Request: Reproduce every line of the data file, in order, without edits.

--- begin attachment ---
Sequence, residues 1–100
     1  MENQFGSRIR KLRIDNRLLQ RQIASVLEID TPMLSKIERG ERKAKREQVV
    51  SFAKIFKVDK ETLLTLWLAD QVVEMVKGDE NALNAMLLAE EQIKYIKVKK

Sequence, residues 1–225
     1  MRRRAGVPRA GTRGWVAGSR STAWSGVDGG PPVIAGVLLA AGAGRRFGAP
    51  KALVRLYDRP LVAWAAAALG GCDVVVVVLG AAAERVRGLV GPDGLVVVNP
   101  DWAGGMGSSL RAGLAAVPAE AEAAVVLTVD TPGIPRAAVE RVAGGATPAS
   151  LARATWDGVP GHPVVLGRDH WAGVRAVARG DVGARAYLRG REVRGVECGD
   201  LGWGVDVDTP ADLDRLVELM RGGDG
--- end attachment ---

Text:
Sequence, residues 1–100
     1  MENQFGSRIR KLRIDNRLLQ RQIASVLEID TPMLSKIERG ERKAKREQVV
    51  SFAKIFKVDK ETLLTLWLAD QVVEMVKGDE NALNAMLLAE EQIKYIKVKK

Sequence, residues 1–225
     1  MRRRAGVPRA GTRGWVAGSR STAWSGVDGG PPVIAGVLLA AGAGRRFGAP
    51  KALVRLYDRP LVAWAAAALG GCDVVVVVLG AAAERVRGLV GPDGLVVVNP
   101  DWAGGMGSSL RAGLAAVPAE AEAAVVLTVD TPGIPRAAVE RVAGGATPAS
   151  LARATWDGVP GHPVVLGRDH WAGVRAVARG DVGARAYLRG REVRGVECGD
   201  LGWGVDVDTP ADLDRLVELM RGGDG